The second is the superb range of writers Jacobs summarizes in his argument. Rarely have I read a book that draws on so much material that I love and presents the highlights of each work so crisply yet faithfully. We have Lewis Carroll on language, G. K. Chesterton on H. G. Wells, Lewis on Bulverism and “The Inner Ring.” We get Jonathan Haidt’s The Righteous Mind and Scott Alexander’s “Why I Can Tolerate Anything Except the Outgroup.” We hear Dorothy Sayers on whether women are humans, David Foster Wallace on grammar, and Patrick Deneen on critical thinking. Most impressively, we receive a summary of each contribution that gets straight to the heart and expresses it pithily while at the same time rendering it accurately. As such, How to Think is both a good read and a distillation of a number of other good reads.
And the third is that, at least from where I’m standing, few people need to hear the challenge of How to Think more than those of us who frequent websites like this. Theologically conservative, high commitment, young(ish), literate Christians who enjoy debate and spend a lot of time online—people, that is, just like me—are exactly the sorts of people at risk of not thinking, as Jacobs defines it in this book.
As a celebrated cultural critic and a writer for national publications like The Atlantic and Harper’s, Alan Jacobs has spent his adult life belonging to communities that often clash in America’s culture wars. And in his years of confronting the big issues that divide us—political, social, religious—Jacobs has learned that many of our fiercest disputes occur not because we’re doomed to be divided, but because the people involved simply aren’t thinking.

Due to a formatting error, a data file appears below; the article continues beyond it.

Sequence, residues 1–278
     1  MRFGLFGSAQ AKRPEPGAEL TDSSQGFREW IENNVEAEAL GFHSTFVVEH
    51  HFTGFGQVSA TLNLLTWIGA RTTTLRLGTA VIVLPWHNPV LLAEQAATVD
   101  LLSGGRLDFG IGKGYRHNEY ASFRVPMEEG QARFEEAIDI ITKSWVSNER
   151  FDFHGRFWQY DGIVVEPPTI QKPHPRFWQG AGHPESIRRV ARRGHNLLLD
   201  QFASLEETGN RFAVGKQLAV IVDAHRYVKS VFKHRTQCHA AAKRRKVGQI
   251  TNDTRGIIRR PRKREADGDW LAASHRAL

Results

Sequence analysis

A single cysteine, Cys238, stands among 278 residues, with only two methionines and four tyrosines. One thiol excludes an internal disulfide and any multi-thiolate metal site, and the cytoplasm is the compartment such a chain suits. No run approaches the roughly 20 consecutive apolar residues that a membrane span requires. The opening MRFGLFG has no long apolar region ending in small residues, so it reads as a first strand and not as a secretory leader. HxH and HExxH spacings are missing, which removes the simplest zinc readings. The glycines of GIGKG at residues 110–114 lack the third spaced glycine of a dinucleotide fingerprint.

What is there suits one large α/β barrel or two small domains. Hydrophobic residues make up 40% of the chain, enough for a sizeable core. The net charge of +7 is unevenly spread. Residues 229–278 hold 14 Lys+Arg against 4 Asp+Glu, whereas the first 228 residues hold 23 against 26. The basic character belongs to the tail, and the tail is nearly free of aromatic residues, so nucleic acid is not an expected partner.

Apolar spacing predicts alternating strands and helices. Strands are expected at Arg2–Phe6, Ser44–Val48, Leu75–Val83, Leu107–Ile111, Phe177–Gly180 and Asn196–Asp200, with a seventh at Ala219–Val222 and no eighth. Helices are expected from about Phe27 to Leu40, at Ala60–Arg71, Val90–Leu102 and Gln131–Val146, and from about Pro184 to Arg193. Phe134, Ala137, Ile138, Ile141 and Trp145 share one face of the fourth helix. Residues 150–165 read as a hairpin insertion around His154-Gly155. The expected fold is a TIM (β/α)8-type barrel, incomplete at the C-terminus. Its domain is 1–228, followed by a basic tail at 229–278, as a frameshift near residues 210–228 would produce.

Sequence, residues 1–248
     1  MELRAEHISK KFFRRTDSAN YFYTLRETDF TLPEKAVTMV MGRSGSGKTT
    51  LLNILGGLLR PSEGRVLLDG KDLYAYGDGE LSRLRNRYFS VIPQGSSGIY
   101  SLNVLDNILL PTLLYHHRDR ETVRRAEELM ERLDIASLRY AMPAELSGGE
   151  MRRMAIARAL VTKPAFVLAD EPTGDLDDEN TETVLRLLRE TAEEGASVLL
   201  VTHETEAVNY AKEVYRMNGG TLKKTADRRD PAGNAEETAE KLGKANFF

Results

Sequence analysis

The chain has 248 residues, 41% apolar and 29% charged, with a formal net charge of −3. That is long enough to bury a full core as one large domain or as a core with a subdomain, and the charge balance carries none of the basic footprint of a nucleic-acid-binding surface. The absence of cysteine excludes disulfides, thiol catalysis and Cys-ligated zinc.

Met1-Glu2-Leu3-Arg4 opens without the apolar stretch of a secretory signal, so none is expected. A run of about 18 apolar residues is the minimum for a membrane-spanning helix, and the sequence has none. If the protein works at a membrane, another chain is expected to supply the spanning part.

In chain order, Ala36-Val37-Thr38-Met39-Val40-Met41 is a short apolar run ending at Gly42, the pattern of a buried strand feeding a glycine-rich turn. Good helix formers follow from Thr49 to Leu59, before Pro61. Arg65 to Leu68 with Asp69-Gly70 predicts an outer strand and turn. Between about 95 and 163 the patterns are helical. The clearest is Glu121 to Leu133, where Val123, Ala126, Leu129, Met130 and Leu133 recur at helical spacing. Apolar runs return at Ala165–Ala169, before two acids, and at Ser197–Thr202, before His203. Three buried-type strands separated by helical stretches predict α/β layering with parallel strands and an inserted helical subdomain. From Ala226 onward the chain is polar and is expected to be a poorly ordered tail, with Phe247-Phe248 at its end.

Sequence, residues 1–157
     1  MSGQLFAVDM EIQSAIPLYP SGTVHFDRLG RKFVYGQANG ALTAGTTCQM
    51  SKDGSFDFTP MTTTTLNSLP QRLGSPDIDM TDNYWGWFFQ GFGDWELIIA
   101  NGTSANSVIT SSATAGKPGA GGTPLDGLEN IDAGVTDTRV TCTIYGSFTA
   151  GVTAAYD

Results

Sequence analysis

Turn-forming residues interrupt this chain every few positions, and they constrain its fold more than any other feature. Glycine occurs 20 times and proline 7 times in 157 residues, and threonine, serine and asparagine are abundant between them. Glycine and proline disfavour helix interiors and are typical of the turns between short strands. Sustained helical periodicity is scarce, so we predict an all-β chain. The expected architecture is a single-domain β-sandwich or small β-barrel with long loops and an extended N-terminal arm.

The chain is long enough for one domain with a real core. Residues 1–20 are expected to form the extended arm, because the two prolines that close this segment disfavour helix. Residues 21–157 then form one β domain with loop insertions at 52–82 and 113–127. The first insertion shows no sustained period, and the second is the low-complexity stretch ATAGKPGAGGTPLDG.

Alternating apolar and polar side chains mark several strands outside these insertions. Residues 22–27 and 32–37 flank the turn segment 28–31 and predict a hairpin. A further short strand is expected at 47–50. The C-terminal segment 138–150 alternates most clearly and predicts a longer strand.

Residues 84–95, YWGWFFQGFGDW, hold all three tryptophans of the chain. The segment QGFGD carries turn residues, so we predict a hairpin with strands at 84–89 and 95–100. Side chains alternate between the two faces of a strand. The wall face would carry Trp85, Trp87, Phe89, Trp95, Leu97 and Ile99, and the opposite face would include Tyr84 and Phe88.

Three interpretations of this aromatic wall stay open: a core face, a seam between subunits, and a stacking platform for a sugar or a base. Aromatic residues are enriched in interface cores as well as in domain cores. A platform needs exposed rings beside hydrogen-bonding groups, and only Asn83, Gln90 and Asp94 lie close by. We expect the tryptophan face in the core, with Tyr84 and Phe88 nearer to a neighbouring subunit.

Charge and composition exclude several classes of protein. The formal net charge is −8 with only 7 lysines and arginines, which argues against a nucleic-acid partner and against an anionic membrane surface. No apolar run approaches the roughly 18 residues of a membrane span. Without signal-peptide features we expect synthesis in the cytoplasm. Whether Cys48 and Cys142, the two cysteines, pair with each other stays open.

Most of us don’t want to think. Thinking is trouble. Thinking can force us out of familiar, comforting habits, and it can complicate our relationships with like-minded friends. Finally, thinking is slow, and that’s a problem when our habits of consuming information (mostly online) leave us lost in the spin cycle of social media, partisan bickering, and confirmation bias.
In this smart, endlessly entertaining book, Jacobs diagnoses the many forces that act on us to prevent thinking—forces that have only worsened in the age of Twitter, “alternative facts,” and information overload—and he also dispels the many myths we hold about what it means to think well. (For example: It’s impossible to “think for yourself.”)
Drawing on sources as far-flung as novelist Marilynne Robinson, basketball legend Wilt Chamberlain, British philosopher John Stuart Mill, and Christian theologian C.S. Lewis, Jacobs digs into the nuts and bolts of the cognitive process, offering hope that each of us can reclaim our mental lives from the impediments that plague us all. Because if we can learn to think together, maybe we can learn to live together, too.
We frequently live in self-reinforcing bubbles; we erect strawmen; we Bulverise; we divide the world into heroes and villains, “defenders of the faith” and “repugnant cultural others”; we find it easy to react and hard to listen; we valorize and demonize; we put ourselves on the side of the angels and find it hard to see good in our out-group. (If you don’t believe me, type “Nashville Statement” into Google.) In our less self-aware moments, we even use the false “we.” We are, that is, precisely the people for whom Jacobs wrote this book, whether he meant to or not.
How to Think is well written, well reasoned, well presented, and well worth reading. Think about such things.